There have also been overt displays of racism where people in theatre have made their prejudices and biases clear to me. Namely, I have been pressured by people to whitewash roles written in mind for BIPOC characters. I have also been cast as the ‘angry’ or ‘aggressive’ Asian woman by white actors/production team members for having a brash style of comedy (I have never seen a man, or a white person, being called aggressive or angry for doing the same type of comedy I do) and it often leaves me powerless to react in anyway but silence. I also frequently find myself to be one of the few BIPOC actors who audition for large productions. While I am not directly discriminated against in casting decisions, I always find it telling that these productions don’t feel the need to advertise opportunities to the BIPOC theatre group.

“I feel that I have been involuntarily committed to invisibility because people cannot see past my race.”

This overall mistreatment and lack of recognition for my work hurts more knowing that I have a massive output AND put my heart and soul into every play I perform or create, only to be dismissed by my peers. It is genuinely disheartening to find out that even after I have appeared in or been involved with over 50 productions in my three years here, my name will not get as much recognition as some of the white people we see as being the ‘crème de la crème’ of Cambridge theatre. I used to think that, with enough time and effort, I would eventually get the recognition and respect from my white peers that I had worked so hard to gain. Unfortunately, this did not happen. I cannot guarantee this, but I strongly feel that, were I white, my name would be more well-known by people in Cambridge theatre. It is because of this that I ask people involved in student theatre to do better: to recognise the people around you, especially those who occupy marginal spaces, and to give others’ due credit in a way that you would want for yourselves. Stop making BIPOC creators carry the burdens of your inaction and ignorance and start appreciating our talents and involving us more in theatre.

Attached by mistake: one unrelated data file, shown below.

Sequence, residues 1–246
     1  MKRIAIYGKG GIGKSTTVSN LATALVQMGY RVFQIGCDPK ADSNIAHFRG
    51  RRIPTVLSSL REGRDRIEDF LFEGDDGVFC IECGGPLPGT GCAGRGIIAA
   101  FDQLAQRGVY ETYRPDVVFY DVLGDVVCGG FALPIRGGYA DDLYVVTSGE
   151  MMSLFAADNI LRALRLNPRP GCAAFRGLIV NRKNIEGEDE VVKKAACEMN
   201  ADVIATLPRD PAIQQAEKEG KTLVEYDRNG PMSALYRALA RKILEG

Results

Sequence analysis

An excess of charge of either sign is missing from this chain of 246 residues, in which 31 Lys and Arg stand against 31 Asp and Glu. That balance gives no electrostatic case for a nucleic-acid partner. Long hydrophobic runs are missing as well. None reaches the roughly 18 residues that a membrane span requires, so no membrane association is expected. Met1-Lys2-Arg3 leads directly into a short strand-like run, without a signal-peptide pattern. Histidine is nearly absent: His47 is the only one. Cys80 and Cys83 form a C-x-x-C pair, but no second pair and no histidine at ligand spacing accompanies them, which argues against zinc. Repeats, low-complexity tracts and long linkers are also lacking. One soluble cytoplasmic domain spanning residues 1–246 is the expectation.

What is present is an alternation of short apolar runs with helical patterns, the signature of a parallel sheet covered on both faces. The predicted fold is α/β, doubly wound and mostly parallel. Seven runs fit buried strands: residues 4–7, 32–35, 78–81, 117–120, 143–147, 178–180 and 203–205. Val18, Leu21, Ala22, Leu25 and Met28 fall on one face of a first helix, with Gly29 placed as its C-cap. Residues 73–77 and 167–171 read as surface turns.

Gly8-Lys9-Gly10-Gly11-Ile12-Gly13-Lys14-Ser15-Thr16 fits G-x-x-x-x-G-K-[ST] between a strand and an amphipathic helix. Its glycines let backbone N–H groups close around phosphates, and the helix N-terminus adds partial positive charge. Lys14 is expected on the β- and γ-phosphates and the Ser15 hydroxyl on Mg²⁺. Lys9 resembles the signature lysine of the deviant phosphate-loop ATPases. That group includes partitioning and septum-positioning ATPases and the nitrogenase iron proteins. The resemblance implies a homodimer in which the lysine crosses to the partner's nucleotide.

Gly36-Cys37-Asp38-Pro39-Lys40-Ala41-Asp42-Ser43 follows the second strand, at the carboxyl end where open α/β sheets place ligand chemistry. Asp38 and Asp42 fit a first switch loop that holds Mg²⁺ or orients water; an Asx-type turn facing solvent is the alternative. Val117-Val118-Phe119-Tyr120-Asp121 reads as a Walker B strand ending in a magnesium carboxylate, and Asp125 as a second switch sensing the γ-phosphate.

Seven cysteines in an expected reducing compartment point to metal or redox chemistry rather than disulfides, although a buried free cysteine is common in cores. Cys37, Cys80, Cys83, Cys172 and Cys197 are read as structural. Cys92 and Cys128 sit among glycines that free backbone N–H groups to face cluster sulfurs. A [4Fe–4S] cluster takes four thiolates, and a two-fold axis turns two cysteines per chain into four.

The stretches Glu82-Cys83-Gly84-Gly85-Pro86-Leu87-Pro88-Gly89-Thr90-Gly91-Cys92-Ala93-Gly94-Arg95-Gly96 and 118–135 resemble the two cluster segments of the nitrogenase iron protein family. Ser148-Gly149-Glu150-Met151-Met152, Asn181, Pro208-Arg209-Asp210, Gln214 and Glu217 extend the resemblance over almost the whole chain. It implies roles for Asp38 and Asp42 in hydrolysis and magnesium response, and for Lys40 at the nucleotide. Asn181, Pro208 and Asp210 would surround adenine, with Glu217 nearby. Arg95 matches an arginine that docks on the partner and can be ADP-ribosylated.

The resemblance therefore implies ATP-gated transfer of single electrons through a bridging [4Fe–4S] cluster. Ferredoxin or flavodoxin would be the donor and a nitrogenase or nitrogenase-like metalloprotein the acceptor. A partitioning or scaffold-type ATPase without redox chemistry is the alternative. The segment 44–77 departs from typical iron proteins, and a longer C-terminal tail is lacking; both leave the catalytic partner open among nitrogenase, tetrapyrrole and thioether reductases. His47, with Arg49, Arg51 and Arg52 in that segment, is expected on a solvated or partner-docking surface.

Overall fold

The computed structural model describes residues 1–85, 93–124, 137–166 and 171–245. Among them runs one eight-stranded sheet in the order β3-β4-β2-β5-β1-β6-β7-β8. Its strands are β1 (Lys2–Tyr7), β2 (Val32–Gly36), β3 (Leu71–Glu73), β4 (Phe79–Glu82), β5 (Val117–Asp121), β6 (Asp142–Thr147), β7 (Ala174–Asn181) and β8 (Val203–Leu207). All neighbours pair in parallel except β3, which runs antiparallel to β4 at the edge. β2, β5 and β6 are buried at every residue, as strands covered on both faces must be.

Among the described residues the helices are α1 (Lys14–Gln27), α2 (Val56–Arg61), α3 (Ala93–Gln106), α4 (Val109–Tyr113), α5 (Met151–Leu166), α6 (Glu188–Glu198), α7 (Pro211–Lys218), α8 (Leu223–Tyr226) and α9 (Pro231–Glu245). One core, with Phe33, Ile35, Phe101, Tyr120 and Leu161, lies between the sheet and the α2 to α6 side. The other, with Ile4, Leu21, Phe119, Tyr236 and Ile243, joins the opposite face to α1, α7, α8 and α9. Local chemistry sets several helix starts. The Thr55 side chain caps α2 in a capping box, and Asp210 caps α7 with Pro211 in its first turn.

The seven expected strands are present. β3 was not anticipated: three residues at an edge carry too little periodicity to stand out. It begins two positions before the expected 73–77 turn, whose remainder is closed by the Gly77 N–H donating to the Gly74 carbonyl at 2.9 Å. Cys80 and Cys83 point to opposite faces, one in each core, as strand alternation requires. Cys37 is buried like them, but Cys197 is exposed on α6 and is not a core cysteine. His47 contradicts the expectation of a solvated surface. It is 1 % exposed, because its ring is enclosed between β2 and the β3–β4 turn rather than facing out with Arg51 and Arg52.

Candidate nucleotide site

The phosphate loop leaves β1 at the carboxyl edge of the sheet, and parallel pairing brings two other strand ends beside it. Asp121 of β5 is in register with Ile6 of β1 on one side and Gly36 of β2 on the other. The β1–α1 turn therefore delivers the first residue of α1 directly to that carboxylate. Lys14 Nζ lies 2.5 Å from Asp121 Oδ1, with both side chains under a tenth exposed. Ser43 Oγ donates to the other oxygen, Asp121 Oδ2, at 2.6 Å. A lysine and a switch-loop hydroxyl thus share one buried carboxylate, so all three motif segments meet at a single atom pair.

Of course, this discrimination is not something that can be traced to a single individual, and it does not demean the talents of white dramatists who have no control over their reputation. However, it does prompt me to ask people involved in theatre to do a little soul searching and ask themselves what they really value in these individuals and productions. If it is really talent that they value, or an elite culture where only people of a certain race or background (read: white and upper class) can become prestigious in the scene. I have refrained from naming many productions or individuals in this piece, but if you do recognise yourself in what I have described, you might want to think about how you can better yourself so that these injustices do not happen in the future.

Yours faithfully,

Anna Trowby